Friday, January 30, 2009

Post-op Visit

At the post-op visit on Tuesday, the doctor clarified for us exactly what was going on in Kai's new ear canal. The picture below helps illustrate. The sponge is what you can see from the outside (shown in an earlier post). Behind the sponge is a lot more packing: a thick layer of gel foam, a silastic disk, and more gel foam. All of this packing keeps the ear canal open and the new membrane in place. (Originally, I thought stitches were used.)

At Kai's 3-week post-op visit (around Feb 12), a Portland doctor will remove the sponge, the first layer of gel foam, and the silastic disk. The last layer of gel foam will remain for another two weeks.

The doctor also *tried* to remove the dressing on the skin graft. He snipped the stitches that were originally holding it in place and removed the tape. Unfortunately, the dressing had slipped and the tape was stuck to part of the wound. Needless to say, removing the tape caused a lot of tears. Also, the dressing wouldn't come up even after the tape and stitches were removed--it had adhered to the raw skin. So... we get to soak it off. Ugh.

Monday, January 26, 2009

Almost there...

Trying to burn kid energy without running, jumping, swinging, leaping, and general roughhousing is, um, darn near impossible. So far, our strategy is to take them on walks in places where there’s plenty to see, but they always manage to work in some running and jumping anyway. On Friday, we took them to the Monterey Bay Aquarium (a fantastic aquarium). The kids had a great time—we were all mesmerized by the Outer Bay exhibit.

Yesterday we visited our friend Jonathan in Berkeley. The highlight for the kids was riding the steam engine trains in the Berkeley hills. The train rides and the drive to and from Berkeley helped keep the kids from getting too rambunctious. Here we are about to take a ride on a 7-1/2 inch gauge railway. It was a hoot.

Today, we went to San Francisco and wandered around Golden Gate Park. On the way home Kai complained that the skin-graft area itched a lot. He kept trying to rub the bandage covering it. We have a follow-up doctor visit tomorrow at noon and, hopefully, they can help us deal with the itchy skin graft. Then, we finally get to go home! It's been a really long week...

No Sneezing Allowed

As of Friday, our challenge with Kai has been keeping him mellow. The healing period is critical for success. We don’t want him to do anything to dislodge his new eardrum. He’s not supposed to suck through a straw or sippy cup—too much pressure on the ear drum. He’s also not supposed to blow his nose or sneeze. How does one not sneeze?! Of course, holding back a sneeze is even worse because it puts even more pressure on the ear drum. So far, we’ve been successful avoiding straws and sippy cups, but now Kai has a bit of a cold and blows his nose at will (even though we tell him not to) and, of course, he’s had a few bouts of sneezing. We’ll find out on Tuesday whether any of the stitches that hold the new eardrum membrane in place have slipped…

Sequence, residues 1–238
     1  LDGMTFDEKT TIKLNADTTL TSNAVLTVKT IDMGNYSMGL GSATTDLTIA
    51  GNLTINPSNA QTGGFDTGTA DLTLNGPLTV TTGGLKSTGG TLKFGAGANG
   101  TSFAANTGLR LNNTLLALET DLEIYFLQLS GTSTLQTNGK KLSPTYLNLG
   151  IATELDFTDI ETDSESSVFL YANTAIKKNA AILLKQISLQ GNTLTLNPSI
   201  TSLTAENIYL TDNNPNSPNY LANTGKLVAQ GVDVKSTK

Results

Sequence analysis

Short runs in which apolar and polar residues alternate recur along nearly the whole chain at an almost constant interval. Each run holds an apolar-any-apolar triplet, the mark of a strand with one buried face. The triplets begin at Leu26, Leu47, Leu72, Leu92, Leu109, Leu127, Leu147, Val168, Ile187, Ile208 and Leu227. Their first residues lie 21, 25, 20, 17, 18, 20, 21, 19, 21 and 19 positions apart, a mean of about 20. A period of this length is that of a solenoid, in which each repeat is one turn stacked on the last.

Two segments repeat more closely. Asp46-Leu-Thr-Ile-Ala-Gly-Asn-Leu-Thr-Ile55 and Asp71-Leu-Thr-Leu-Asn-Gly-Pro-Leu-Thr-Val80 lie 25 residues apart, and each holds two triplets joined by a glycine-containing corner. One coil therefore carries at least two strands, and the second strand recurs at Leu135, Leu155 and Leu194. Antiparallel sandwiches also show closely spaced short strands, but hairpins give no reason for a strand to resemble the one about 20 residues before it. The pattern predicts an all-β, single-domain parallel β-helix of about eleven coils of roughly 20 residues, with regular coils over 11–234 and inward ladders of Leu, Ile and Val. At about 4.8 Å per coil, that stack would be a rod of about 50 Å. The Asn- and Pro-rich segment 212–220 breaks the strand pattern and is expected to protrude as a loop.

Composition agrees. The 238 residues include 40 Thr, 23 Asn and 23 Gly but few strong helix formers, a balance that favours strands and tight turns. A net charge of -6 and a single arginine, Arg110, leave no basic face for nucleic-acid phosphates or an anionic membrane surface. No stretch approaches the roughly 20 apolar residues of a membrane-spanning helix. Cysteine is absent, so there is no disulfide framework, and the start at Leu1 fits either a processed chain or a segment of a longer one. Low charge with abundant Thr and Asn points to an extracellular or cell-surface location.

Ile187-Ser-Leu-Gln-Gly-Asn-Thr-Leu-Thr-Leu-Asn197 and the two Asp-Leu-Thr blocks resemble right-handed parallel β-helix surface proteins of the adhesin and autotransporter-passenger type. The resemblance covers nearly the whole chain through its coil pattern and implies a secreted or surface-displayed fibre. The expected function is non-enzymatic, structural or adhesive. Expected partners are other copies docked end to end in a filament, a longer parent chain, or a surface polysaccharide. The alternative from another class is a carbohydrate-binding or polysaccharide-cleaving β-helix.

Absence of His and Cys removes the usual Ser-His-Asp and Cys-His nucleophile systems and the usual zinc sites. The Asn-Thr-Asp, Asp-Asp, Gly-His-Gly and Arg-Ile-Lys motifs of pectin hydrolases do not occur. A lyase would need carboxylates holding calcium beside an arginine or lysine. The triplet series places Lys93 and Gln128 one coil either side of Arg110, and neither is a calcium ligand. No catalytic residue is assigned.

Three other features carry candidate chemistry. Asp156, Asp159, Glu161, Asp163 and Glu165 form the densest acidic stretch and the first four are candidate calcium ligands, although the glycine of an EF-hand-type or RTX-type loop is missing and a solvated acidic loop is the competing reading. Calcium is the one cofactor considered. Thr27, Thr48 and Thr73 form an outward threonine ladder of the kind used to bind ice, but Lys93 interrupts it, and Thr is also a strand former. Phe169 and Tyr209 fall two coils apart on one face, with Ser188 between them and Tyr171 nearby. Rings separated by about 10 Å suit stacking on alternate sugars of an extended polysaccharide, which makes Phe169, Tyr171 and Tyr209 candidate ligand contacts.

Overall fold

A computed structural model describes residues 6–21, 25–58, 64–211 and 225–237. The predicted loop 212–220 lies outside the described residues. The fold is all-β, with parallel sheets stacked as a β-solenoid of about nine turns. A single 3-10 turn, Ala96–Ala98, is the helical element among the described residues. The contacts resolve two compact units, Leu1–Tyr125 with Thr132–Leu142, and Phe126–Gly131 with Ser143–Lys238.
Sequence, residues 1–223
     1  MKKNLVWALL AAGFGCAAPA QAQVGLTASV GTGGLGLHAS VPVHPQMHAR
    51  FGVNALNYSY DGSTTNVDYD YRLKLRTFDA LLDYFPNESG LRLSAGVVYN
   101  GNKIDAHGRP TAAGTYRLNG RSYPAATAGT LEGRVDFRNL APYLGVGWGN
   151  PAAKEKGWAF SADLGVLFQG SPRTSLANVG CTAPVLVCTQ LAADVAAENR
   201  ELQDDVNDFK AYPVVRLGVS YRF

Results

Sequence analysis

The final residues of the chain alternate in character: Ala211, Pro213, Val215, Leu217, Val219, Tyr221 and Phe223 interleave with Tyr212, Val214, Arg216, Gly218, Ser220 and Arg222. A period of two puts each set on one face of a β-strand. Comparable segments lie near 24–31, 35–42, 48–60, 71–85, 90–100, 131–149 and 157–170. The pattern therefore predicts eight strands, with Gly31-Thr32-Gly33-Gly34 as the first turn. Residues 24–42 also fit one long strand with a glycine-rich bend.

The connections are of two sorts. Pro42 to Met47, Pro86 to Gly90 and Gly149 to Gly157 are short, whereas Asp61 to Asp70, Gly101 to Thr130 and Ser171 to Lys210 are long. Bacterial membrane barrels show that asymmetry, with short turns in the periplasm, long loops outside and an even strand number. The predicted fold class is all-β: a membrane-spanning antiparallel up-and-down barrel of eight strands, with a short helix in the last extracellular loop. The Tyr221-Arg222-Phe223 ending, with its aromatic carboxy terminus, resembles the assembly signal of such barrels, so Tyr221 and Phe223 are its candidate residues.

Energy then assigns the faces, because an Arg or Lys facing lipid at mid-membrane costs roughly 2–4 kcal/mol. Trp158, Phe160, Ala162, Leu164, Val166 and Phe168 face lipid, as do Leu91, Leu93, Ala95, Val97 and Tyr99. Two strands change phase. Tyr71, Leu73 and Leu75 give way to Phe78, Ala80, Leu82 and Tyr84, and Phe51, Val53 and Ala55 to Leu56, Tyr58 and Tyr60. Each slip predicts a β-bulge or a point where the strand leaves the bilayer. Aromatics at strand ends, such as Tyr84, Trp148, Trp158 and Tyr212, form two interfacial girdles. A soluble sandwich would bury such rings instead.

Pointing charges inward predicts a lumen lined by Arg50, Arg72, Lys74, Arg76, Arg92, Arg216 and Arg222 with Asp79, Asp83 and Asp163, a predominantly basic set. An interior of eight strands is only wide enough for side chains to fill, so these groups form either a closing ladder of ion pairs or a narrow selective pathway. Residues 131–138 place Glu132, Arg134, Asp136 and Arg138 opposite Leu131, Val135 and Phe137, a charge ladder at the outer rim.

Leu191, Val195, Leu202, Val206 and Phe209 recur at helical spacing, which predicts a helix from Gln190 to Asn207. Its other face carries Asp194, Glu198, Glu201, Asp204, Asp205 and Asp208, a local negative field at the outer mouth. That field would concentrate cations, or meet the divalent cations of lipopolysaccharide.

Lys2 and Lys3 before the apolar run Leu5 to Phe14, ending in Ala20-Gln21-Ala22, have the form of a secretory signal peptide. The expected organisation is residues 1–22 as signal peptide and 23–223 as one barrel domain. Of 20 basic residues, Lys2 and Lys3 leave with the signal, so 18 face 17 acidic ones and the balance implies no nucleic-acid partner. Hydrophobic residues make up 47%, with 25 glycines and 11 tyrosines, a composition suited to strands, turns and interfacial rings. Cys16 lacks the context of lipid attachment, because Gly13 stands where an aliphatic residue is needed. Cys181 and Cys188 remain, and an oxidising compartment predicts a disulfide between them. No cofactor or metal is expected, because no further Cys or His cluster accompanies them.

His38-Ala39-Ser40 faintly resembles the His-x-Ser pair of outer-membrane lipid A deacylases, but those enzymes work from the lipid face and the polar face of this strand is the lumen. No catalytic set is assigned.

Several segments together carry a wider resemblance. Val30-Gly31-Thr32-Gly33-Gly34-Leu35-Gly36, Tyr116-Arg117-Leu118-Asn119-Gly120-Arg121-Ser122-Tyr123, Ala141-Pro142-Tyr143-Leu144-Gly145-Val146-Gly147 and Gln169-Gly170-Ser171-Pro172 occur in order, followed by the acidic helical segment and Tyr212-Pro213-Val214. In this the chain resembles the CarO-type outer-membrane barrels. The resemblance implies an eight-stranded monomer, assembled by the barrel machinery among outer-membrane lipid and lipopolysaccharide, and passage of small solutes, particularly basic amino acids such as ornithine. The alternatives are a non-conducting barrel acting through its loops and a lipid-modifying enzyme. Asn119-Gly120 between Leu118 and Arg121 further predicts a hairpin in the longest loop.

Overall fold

Post-Surgery Check-in

After we were cleared to leave the surgery center on Thursday, Kai slept all the way back to the hotel. Then we settled in for a 2-hour group nap. Kai was drowsy and obviously not feeling well most of the evening. He wasn’t able to keep any food down until about 10 o’clock that night. We gave him Tylenol with codeine on a regular schedule the rest of Thursday and Friday. Friday morning he was mostly back to normal and dying to be rid his purple turban. Our first stop was the doctor’s office where they cut the bandage off and re-dressed the skin graft and new ear canal.

And… here’s the new ear opening! The picture at left shows the arc of the incision line behind the right ear. It also shows the ear canal with a circular sponge filling it. The sponge helps ensure that the new hole and canal remain open; the sponge is also soaked with an antimicrobial or antiseptic solution. The hole is pretty large but, apparently, it’s purposefully that way because the opening will shrink as it heals.

I’ve spared you the gore of the skin graft: to the left of the incision is a 3 x 3 inch square that is covered with a clear plastic dressing that’s stitched in place. To me, it looks like a bloody mess but the doctor assured us it looks worse than it is. The doctor who prepped us likened the skin graft to “a really bad scrape”.

Here’s Kai at brunch afterwards with the surgery site bandaged:

Fortunately, there's a convenient gap between the skin graft area and the behind-the-ear incision

Thursday, January 22, 2009

First Surgery: What They Did

Here's the procedure that Dr Joseph Roberson performed today for Kai (provided on a checklist they gave us):
Right Reconstruction of External Auditory Canal for Congenital Atresia, Tympanoplasty, Split-thickness Skin Graft, Ossicular Reconstruction for Congenital Anomaly, Continuous Intraoperative 7th Nerve Monitoring, Baseline Electrophysiologic Study, Microdissection